On her childhood: I grew up in Winterswijk, a small backwater town in East Holland. Everyone knew everyone. By the age of 6, I was cycling to and from school by myself – on a bike without brakes. My family ran a furniture business called Arco and I’d spend the afternoons playing in the factory: I loved the smell of fresh wood. My sister and I would paint building blocks or we’d collect off-cuts from the tables and sell them as wooden hula-hoops to our friends for a guilder apiece. When I was 12, my parents decided to drive us to Austria for our first overseas holiday so I set to work making sun-blinds, cushions and travel bags for the car. I’ve always had a creative streak.
On her early career: Looking back, I should have picked a career in interior design but I had no idea what to do when I left school. I did a one-year secretary course then packed up my bags and moved to the UK. The plan was to spend a year there to improve my English and then travel around Europe – but, within a few months, I met my now-husband John and moved in with him. My family asked if we knew someone who could sell Arco products in the UK. We didn’t – but decided to give it a go ourselves. We ran the business from our garage with a telex at the end of our bed. Our first big break was exhibiting at a furniture show in Earl’s Court: Terence Conran was there and described us as a “promising young company”, which was an amazing endorsement for us. He became a client. We then started selling furniture to Heals and Habitat, and opened our first showroom in Ladbroke Grove. The business snowballed from there.
On her toughest moment: Our son was born in 1986. He arrived a month early and John missed a meeting with a buyer from Harrods to be at the birth – so we ended up naming him Digby after the department store’s founder [Charles Digby Harrod]. We couldn’t afford childcare so I’d take baby Digby to work with me and sneakily breastfeed him behind the sofas. We desperately wanted to have another child – but I had four miscarriages in a row. It’s easy to become obsessed with getting pregnant. I didn’t want to talk to anyone about it but it’s true that a worry shared is a worry halved. We were lucky enough to have two more children, our daughters Nienke and Merel. Nothing makes me prouder. I’d rather have a failed business and happy children than a successful business and messed-up kids.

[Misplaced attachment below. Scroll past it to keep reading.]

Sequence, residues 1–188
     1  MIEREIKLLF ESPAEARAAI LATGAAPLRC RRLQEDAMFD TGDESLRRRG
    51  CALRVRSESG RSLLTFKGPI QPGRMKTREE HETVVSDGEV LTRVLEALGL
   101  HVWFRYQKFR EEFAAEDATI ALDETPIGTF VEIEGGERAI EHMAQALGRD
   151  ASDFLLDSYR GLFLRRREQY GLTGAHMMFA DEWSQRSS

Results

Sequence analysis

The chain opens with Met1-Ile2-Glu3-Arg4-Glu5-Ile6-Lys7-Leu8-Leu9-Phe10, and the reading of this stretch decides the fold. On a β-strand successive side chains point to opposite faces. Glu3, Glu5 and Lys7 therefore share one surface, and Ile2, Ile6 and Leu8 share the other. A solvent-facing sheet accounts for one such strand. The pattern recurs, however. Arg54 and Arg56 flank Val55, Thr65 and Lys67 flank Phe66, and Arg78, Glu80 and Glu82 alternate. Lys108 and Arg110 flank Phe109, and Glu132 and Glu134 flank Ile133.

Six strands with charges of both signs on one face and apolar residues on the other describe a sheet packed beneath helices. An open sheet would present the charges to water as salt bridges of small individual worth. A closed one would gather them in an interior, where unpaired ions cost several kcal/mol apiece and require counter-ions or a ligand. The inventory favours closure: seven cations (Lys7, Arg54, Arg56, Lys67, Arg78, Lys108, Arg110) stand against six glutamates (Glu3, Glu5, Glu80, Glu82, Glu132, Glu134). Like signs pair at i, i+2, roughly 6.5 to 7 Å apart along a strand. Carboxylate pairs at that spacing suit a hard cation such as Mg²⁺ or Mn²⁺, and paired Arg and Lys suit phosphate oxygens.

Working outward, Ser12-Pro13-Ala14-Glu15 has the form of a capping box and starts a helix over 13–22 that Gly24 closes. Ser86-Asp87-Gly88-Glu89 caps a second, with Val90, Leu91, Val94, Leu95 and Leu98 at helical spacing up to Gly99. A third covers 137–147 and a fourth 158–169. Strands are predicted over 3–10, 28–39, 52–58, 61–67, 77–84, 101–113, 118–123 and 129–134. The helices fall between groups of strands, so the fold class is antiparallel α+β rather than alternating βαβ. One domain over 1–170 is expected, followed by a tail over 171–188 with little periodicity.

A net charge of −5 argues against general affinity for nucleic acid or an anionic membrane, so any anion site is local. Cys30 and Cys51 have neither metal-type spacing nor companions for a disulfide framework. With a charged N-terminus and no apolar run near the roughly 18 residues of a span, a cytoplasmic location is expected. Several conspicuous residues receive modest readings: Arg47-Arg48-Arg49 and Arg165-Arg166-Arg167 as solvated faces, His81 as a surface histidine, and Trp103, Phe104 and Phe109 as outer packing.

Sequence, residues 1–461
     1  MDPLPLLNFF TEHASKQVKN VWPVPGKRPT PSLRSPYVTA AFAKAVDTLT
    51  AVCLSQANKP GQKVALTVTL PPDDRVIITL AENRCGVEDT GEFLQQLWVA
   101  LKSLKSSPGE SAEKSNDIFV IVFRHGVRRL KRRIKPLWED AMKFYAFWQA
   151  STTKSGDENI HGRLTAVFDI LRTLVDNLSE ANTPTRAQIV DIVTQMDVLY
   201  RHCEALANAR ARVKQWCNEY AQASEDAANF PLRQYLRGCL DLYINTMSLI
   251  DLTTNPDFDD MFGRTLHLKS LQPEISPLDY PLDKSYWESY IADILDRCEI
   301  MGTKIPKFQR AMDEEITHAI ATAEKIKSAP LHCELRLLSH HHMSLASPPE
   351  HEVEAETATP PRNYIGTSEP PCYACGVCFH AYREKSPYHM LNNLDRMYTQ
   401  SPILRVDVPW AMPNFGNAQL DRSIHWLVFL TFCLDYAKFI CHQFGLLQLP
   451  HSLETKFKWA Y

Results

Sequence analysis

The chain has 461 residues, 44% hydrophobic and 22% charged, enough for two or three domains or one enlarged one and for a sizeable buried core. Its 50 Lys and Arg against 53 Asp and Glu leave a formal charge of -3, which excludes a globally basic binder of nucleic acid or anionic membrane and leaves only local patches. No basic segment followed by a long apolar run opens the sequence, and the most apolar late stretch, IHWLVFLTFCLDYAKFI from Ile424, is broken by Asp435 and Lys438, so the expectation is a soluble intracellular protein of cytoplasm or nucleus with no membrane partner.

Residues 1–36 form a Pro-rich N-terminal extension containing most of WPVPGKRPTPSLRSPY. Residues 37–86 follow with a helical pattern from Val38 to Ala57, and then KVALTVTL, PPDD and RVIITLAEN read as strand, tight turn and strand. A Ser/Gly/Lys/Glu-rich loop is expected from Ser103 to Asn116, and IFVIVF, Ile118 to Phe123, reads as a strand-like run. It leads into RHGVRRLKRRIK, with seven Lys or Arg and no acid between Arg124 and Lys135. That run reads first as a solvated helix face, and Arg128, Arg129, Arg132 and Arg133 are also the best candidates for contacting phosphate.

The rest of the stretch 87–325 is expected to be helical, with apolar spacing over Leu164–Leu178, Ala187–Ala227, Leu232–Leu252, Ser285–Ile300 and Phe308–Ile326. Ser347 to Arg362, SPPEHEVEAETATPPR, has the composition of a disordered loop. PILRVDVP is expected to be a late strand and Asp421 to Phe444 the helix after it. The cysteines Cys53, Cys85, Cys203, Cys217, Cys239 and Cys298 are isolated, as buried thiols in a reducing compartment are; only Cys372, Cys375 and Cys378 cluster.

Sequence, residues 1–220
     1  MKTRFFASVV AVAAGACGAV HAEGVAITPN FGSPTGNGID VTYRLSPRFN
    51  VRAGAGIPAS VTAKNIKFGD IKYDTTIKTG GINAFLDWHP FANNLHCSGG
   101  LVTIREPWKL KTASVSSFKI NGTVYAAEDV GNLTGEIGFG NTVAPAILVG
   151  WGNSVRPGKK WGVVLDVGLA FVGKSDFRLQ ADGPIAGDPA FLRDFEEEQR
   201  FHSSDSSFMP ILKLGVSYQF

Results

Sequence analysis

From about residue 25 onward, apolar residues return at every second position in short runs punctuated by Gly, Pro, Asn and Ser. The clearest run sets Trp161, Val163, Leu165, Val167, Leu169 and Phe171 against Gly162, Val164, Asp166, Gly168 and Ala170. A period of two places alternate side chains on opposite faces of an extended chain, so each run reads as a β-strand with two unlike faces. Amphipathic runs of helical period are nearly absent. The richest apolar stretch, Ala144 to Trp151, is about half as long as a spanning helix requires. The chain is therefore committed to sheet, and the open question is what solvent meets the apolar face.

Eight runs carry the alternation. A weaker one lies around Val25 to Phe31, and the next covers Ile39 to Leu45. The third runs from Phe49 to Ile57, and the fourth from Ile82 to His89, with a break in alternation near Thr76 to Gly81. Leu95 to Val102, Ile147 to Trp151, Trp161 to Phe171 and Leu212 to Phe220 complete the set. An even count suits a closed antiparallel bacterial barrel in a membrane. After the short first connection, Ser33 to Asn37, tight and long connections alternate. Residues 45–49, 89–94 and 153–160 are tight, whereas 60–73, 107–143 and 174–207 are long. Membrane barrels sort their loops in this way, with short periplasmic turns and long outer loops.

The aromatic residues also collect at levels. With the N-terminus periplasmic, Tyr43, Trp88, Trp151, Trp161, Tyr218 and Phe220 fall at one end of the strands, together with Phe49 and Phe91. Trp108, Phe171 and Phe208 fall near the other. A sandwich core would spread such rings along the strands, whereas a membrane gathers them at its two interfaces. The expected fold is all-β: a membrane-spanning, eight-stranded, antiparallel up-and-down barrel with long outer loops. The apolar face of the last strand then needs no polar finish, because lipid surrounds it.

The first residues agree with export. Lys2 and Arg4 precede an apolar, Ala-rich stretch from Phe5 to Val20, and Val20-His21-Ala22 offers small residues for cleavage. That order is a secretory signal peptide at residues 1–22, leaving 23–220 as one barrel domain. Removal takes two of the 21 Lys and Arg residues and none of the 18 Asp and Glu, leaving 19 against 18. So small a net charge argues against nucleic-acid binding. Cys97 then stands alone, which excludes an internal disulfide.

On her current role: The business has grown organically – there was never a grand plan. We started adding different brands to our range, including luxury Italian furniture by Minotti. It was hugely popular so, a decade ago, we switched to selling Minotti products exclusively and opened the first monobrand store in London. We employ 15 people and sell to architects, interior designers and private clients. You’ll find our products in yachts, restaurants, high-end residential properties and offices such as Estée Lauder companies. When John retired three years ago, I took over at the helm. I’m not someone who likes to be in the limelight but I found myself enjoying it. Sometimes you have to step outside your comfort zone.
On her go-to style: At work, I tend to mirror our products and go for a classic look. I’d buy Chanel all day long if I could afford it. I always wear heels even though I’m 6ft. My friend Sabine Roehmer is a goldsmith and we’ve struck a deal: I’m going to swap one of our sofas for a pair of her earrings. At home, I tend to wear jeans and a t-shirt. I’m a bit of a hippy at heart: I love rummaging through clothes at Las Dalias market in Ibiza.
On her style icons: I admire Audrey Hepburn for her elegance, the Kardashians for bringing the fuller figure into the spotlight and Jane Fonda for looking fabulous in her 80s. I’m now 58 and embracing it. Age brings strength and confidence. I don’t give a shit what people think of me anymore.
On staying sane: I do self-styled yoga, combining all the moves I’ve learned over the years, and I go to the gym three times a week for a cardio workout. My big passion is skiing: it’s the best stress-buster in the world and I don’t mind falling over. Out on the slopes, I have no fear.
On her most powerful piece of advice to other women: Don’t concentrate on what you haven’t got – be thankful for what you have. And as my grandmother always said: “Walk upright”!